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Old 06-01-2008, 08:18 AM
  #9  
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Default RE: Is there an argument for banning carbons for hunting?

ORIGINAL: Paul L Mohr

ORIGINAL: Swift Arrow

aluminums just aren't as efficient for killing game as carbons are.
Really? Your going to have to do some serious explaining with some science and proof to back that one up. Carbons are popular because they are light and people believe they don't bend and/or are straighter than aluminum arrows, neither of which is true. And being lighter really doesn't help make them anymore efficient.

Carbons are not going anywhere, take my word for it, as a matter of fact aluminum arrows will go by the wayside before carbons. It has nothing to do with which works better or what one has the potential to wound more game. It has to do with what people will and won't buy. Carbon arrows are way to popular now for them to go anywhere.

I'm not huge carbon fan either, but I don't feel they are responsible for wounded game. That is completely on the archer, if you make a bad shot you make a bad shot. Heavy aluminum arrows are just as tough as some carbons. As a matter of fact I have had more carbons break on me than I have aluminum ones.

Paul
100% correct Paul! Good post once again.
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Old 06-01-2008, 08:25 AM
  #10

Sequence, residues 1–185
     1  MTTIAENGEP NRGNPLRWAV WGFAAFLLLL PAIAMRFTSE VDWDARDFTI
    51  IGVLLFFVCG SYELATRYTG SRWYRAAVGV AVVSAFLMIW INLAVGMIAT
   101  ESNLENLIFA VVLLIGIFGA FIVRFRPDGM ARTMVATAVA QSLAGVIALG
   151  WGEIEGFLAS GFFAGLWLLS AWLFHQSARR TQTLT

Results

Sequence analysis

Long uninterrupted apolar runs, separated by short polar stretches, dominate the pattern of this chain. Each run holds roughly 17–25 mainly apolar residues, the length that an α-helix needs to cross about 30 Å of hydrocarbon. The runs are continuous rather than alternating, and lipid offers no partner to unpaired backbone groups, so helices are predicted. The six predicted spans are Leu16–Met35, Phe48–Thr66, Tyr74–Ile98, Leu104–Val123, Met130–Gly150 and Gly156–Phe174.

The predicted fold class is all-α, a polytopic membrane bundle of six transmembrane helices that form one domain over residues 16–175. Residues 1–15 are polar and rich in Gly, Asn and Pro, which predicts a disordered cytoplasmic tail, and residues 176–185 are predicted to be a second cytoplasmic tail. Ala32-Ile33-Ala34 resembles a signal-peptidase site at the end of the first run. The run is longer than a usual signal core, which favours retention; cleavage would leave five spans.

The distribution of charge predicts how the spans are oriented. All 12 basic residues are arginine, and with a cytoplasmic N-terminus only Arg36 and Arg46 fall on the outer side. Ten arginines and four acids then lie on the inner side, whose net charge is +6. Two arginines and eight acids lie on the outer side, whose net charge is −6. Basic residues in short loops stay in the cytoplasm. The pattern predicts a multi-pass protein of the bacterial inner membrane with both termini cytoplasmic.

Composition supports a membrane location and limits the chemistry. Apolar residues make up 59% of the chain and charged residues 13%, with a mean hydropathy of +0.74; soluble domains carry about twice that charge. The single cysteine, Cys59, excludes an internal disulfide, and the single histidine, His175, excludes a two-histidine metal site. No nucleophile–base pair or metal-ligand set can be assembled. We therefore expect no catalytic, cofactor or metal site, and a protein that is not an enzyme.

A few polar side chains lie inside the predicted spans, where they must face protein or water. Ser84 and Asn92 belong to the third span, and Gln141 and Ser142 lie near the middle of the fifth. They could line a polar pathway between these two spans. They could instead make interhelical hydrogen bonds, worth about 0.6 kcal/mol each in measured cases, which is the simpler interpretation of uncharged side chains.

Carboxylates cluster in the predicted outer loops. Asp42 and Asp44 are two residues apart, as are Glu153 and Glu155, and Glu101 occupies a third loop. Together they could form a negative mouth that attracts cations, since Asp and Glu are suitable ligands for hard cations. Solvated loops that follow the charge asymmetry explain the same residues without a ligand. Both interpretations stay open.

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Default RE: Is there an argument for banning carbons for hunting?

ORIGINAL: Wingbone

Ok, I suspect this is going to generate some dialog, so I'll preface this by saying up front that I have no antipathy toward carbon arrows personally. While I'm an aluminum shooter, I have no problem with archers choosing carbon arrows. It is not my policy to malign another's choice of archery technology. To each his own. Frankly I'm hoping that the discussion will put my mind to ease on the subject.
The problem I have is that in the last couple of years I've seen, and/or heard of, too many deer carrying non-lethal carbon arrows in places that they can't get at andthat they can't break off. With aluminum or wood, the deer seem to be able to break them off. the shaft inside the body is isolated by scar tissue and the deer goes on living. My concern is that the unbreakable carbon arrows will alwaysleave an open pathway for infection and the deer with die a slow death.If nothing else, the non-hunting public is seeing and reporting these animals which is not good press for bowhunting. Like I said, this has been bothering me for a while. I'm hoping someone can shed some light on it for me.
I too will start by saying I don't have any preference of carbon over aluminum or vice versa...



I have shot both arrows over th last 10-12 years, I am not sure who told you that a carbon arrow "can't break off" but they probably have no experience with them either. I have experience with carbon and everytime that I did not make a pass through shot my arrows got broke. I don't think you will ever have to worry about the carbon's being banned b/c of it either. You need to check with who ever told you that carbons can't break and find out if they have ever shot them b/c it doesn't sound to me like your source has much experience with them. Again, I don't think aluminum's are bad arrows nor do I think carbon's are bad arrows...I think this is a option for the archer....